If George Oppen and Henry David Thoreau had a child, that child might look something like Christina Davis’ An Ethic. Her second collection is tight in form and sprawling in content. Beginning as exploration of grief, An Ethic expands to encompass the endless fundamental questions at the heart of human life: questions of presence and absence, knowing and doubt, memory, life, and death. Stemming from the loss of her father, she explores the intersection of two worlds—the living and dead—and she engages an ethic that that reconciles both past and future in the present where “There is no this or that world.” An Ethic is a call back to a kind of Thoreauvian 19th century transcendentalism, where the truth and beauty in the world lies in nature, and the reality that we are living, and every moment it is “hard and, therefore, a task to keep remaining / here, a kind of continuous”—that is, the nature of life is to forestall death—we are always between the two. Davis tirelessly explores what it means to remain here where there is loss, to live life on Earth in the presence of death. Davis’ world, we are both continuous and finite, always at a crossroads. She looks and invites us to look “in both directions, in case / the Empty is us.”
An Ethic is heavy and fragile, delicate and expertly chiseled, spare and encompassing. Davis speaks with considered authority, but not without pain and wanting loss. Her lines extend into space, embracing and pushing against silence. Always teetering on the edge between certainty and doubt, An Ethic is as much about loss as it is about language’s ability to find, to hold us together. Consider “Megaphone,” here in its entirety:
isn’t what will be
come of us
but with whom we
In the middle of the collection, transitioning through the father’s death to our transitive existence on Earth, to the transitive nature of speech, “Megaphone” exists amidst silence outside of the poem’s parentheticals. The lines hinging on the break in “what will be/come of us” illustrate a divide between the present—“being” and the future—what will “come of us.” Davis bridges this divide with language (as is often a poet’s solution). Not just language, but language as the mediator of meaningful human experience—language as transient and transitory, a fragile bridge between life and death. If it is one thing that allows Davis’ poetry to engage in language’s ability to transcend (and explore) life and death, it’s her spare and chiseled style. It’s easy to tell that every word has won its place on the page, that every word is pushing us to consider the truth it carries across in its meaning. Taking the “be/come” example, the word’s meaning is emphasized across the line break, pushing us to understand the process of becoming as not only a coming into being, but a coming to pass, and therefore to understand language as the glue between both those processes.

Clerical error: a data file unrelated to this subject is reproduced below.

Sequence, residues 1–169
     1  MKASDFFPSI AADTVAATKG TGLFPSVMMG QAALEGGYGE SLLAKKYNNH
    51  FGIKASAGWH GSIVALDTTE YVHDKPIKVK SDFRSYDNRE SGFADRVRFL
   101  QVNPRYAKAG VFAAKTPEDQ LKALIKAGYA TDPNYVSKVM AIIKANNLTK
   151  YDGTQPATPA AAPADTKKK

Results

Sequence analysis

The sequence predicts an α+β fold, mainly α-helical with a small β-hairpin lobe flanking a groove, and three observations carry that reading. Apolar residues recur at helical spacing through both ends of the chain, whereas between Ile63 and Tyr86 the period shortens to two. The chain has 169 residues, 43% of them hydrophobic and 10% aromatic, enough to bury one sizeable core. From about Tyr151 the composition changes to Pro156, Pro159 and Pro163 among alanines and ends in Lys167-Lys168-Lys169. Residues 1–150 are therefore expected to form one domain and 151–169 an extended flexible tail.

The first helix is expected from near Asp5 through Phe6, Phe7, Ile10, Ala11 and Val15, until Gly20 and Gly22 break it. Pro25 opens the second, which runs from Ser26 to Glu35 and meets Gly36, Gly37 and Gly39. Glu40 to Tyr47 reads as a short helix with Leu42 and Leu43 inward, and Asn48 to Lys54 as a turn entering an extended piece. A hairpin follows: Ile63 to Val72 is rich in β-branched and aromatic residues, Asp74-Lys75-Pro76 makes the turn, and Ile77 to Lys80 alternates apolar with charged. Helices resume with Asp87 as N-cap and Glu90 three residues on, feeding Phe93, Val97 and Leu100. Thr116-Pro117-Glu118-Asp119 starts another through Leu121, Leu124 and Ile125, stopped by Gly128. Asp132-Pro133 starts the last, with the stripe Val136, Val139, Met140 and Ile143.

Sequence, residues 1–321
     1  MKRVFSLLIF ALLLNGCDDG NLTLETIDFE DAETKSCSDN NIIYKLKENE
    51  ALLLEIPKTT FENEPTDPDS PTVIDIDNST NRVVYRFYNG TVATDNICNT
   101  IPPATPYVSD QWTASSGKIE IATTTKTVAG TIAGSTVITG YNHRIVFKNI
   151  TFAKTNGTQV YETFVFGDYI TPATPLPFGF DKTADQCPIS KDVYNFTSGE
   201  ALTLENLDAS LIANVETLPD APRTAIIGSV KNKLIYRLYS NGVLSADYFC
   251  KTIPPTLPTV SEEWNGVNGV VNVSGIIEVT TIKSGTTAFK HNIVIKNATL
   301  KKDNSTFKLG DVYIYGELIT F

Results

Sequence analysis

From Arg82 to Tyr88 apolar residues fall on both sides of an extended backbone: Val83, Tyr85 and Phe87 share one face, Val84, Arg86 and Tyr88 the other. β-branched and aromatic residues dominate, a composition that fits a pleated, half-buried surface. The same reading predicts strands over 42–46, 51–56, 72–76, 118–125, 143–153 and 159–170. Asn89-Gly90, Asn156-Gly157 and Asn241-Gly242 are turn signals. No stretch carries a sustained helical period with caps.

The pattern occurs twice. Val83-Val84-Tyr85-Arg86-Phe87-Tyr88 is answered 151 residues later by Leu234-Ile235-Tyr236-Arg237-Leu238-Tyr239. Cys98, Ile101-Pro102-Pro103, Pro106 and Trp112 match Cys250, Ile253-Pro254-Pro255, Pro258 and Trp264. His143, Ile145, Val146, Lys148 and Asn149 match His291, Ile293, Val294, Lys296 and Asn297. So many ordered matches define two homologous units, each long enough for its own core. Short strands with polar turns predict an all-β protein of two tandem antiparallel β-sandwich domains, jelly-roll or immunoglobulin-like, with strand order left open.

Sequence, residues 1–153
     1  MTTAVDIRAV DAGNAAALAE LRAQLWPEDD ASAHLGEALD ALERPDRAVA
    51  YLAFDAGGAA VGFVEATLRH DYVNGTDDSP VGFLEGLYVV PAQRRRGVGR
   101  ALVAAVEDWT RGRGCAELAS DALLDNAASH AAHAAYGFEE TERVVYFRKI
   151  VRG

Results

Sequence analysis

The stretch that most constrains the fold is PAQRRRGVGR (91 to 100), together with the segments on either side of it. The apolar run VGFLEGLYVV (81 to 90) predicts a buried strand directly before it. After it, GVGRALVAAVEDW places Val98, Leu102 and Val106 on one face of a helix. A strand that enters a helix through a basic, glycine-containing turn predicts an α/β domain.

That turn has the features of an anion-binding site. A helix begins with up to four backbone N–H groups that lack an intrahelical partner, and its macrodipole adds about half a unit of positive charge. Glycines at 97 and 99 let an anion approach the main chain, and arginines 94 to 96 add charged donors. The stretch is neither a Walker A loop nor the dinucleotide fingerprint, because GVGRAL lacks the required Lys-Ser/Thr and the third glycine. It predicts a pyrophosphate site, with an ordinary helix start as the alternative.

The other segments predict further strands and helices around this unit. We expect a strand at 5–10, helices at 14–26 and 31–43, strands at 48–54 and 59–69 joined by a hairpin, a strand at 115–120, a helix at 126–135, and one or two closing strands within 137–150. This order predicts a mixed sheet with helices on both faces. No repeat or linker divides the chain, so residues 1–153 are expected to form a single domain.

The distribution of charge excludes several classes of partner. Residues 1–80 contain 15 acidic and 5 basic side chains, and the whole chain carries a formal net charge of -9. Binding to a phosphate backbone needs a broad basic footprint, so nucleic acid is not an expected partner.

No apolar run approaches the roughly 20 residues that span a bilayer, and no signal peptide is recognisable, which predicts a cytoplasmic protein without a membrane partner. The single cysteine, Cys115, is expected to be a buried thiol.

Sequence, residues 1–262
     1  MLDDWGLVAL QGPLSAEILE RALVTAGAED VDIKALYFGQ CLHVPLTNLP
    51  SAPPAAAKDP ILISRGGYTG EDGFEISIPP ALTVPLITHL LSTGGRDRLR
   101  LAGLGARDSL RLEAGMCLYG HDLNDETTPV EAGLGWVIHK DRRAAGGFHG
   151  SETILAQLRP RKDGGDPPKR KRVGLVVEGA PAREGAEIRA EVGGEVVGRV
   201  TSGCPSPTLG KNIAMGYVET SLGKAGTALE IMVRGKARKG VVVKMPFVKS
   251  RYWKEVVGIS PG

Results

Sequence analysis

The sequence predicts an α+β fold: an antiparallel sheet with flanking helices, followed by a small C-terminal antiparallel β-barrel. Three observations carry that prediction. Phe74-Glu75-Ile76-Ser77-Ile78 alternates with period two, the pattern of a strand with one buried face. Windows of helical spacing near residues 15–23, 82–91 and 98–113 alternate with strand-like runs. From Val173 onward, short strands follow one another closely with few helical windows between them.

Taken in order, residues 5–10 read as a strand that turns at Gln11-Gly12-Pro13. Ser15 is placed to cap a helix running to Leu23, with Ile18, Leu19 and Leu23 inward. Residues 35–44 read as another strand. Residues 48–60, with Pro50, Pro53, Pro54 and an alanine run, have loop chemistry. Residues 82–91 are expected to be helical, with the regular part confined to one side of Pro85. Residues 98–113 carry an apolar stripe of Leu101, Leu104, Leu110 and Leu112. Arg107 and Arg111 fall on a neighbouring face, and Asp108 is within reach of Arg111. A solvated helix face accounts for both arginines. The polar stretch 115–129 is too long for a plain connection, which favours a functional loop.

In An Ethic, meanings of words are also stretched across pages, between pages, across the entire collection. The consecutive poems “For Far,” “Bell,” and “Manifest,” for example, stretch the ethic of language, as we understand it in “Megaphone” (the poem preceding these), across three pages, and arguably into the rest of the collection. “For Far” explores the “Zulu phrase for far / which means where a man cries, // ‘Mother, I am lost.’” And so the word “far” embodies both distance and the implications of distance—reaching, loneliness, loss. It also embodies the sadness under the poet’s knowing not if there is a Zulu phrase for “near,” at the close of the poem.
Much of the collection’s success stems from Davis’ ability to successfully expand on themes throughout the collection, from personal loss to societal loss of touch through distance and technology. The implications involved in knowing the phrase for “far” and not “near” reverberate throughout the following poems. “Bell” is, as the notes reveal, dedicated to Alexander Graham Bell and to Davis’ father, “who devoted his life to Bell Laboratories and to the possibilities of telephony (literally, far speech).” The concept of language as a bridge between life and death, and the concept of the word “far” as embodying both distance and human loneliness, only gains more importance when we understand what the telephone makes possible: relation from a distance. From “Bell”:
were the first furthest words,
the elsewhereing tracks
of our animal.
We then understand that language, as a method for human relation, is the foundation of our society, and we are ever trying to improve our relation even as we create paradoxical methods of relating from far away, like the telephone, or in “Dissent,” our “kingdom of images,” from which we must dissent by blinking—by embracing, in “Manifest,” the new frontier of “nearness.”
Davis’ ethic emerges through the rigor of her language and lineation, into epistemological philosophy of examining what is known, what isn’t known, and what can’t be known. Her poetry is a successor of the objectivist tradition of George Oppen—sparse language, cut down to bare and bear meaning, and seek a universal truth. The truth is expressed as a kind of transcendentalism, in the ending poem from a deathbed Thoreau: “One / world at a / time.” Ultimately we find that what we know is simple, tragic, and beautiful: there is life and there is death, and both are one in every moment. Davis’ ethic is reflected in every sparse line of this collection, drawing attention to language itself as an effective means for discovering truth. The collection exists, indeed, as a powerful argument for poetry itself—a kind of captured presence. As Thoreau says in Walking, “we cannot afford not to live in the present.”
Reviewed by: Evan Goldstein